She Came to Me in a Dream
A Guest Post by Karen Tate, on the gift of feline daughters
Xena and Isis were our two precious feline daughters we were lucky to have in our lives, in our home, for twenty years. Xena was solid black and her sister, Isis, was a tri-colored torty. We shared an unconditional love. So many precious times we spent together, so many wonderful memories.
Isis passed rather unexpectedly. She’d been well and seemed to be healthy but suddenly her appetite waned. We went to the vet and discovered she had cancer. I cannot tell you the sorrow of bringing home that empty pet carrier that only hours before housed the precious cargo of our beloved daughter. My husband, Roy, and I were not the only ones who missed Isis. Her sister, Xena, missed her terribly, too. Six months after Isis passed, Xena’s chronic kidney condition became more than her little body could endure. We said our good-byes at the vet as he eased her into a peaceful sleep but not before we beseeched her to come back to us – whatever that might mean. Another day, another empty pet carrier returning home too soon.
That first night after my Xena passed away was a sleepless one. I finally fell asleep in the early morning hours and had an unusual dream. The "light" in the dream was particularly striking, like I'd never seen before in a dream, as if it were suggesting illumination and I should take notice. And I did.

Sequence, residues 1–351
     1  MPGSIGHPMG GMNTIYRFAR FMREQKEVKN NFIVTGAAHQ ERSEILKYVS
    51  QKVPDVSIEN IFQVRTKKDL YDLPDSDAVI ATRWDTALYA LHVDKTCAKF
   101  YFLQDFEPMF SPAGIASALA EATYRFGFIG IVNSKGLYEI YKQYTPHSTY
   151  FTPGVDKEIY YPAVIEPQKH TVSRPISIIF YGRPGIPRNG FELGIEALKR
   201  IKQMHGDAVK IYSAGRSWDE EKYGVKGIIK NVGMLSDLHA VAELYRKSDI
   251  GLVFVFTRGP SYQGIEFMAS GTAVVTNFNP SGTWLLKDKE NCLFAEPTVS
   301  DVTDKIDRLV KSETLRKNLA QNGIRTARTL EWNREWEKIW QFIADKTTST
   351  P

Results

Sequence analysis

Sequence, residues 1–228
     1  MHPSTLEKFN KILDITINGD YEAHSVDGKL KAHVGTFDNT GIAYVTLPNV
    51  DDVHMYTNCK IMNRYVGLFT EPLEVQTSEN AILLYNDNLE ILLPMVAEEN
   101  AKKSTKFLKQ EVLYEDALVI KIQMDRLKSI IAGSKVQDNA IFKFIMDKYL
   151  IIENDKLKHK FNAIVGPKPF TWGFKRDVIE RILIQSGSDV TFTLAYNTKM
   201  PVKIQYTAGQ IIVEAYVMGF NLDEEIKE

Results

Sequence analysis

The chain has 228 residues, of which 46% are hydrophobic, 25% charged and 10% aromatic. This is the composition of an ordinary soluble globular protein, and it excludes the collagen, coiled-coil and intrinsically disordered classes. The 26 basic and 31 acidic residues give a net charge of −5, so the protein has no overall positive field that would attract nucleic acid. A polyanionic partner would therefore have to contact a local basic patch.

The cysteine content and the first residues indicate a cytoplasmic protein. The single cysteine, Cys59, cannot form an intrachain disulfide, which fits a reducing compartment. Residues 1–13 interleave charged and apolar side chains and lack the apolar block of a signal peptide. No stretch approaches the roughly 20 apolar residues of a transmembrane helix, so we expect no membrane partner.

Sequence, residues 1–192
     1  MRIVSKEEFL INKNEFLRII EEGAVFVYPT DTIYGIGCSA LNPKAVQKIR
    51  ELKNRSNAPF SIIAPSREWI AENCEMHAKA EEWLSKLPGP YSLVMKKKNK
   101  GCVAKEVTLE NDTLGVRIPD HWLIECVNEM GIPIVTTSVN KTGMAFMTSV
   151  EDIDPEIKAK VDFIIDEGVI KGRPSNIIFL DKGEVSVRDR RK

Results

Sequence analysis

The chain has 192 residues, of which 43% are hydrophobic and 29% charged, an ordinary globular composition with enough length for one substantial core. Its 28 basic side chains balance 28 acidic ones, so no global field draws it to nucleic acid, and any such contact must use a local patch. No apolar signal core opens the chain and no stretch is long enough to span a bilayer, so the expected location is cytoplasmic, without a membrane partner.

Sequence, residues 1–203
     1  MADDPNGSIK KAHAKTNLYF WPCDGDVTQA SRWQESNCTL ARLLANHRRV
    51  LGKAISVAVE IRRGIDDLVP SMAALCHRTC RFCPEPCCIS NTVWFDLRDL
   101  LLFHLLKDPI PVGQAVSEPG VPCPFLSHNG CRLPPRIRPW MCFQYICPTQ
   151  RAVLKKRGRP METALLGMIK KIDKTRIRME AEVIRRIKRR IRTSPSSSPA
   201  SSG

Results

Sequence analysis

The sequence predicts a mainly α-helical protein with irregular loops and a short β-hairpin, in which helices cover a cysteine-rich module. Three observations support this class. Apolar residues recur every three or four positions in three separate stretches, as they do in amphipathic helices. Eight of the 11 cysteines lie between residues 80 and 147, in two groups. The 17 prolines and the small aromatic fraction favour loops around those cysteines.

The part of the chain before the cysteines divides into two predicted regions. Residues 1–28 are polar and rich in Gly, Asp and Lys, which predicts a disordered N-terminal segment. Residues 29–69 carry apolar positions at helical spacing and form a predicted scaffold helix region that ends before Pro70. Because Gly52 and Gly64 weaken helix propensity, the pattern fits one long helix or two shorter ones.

I was standing at the edge of a table and looking over the side. On the floor, playing as she would when she was younger and in good health, Xena was rummaging among some books and papers. She looked up at me, her younger self, with eyes shining bright and playful. I grabbed the person's arm next to me and was tugging at it, crying out, "It's Xena. Do you see her, too? It's Xena. Look! Look!"
It wasn't until then I noticed the arm of the person I was tugging was my deceased mother's arm. I didn't see her. I felt her presence. It was a kind of knowing - and quite a surprise, as I had not had any dreams of my Mom since her passing several years earlier. Instantly I got a comforting auditory message. Mama said Xena was with her and she promised to care for her. In some strange moment of "knowing" I realized that this was Mama's gift to me for my disappointment in our mother-daughter relationship on the earthly plane. She was trying to make it up to me. Suddenly, all the pain and resentment for Mama seeming to prefer my troubled sister to me faded away in that moment. It was the most remarkable thing. That heaviness and angst I was carrying around for years was lifted. I remembered the dream when I awoke and cried tears of liberation and joy.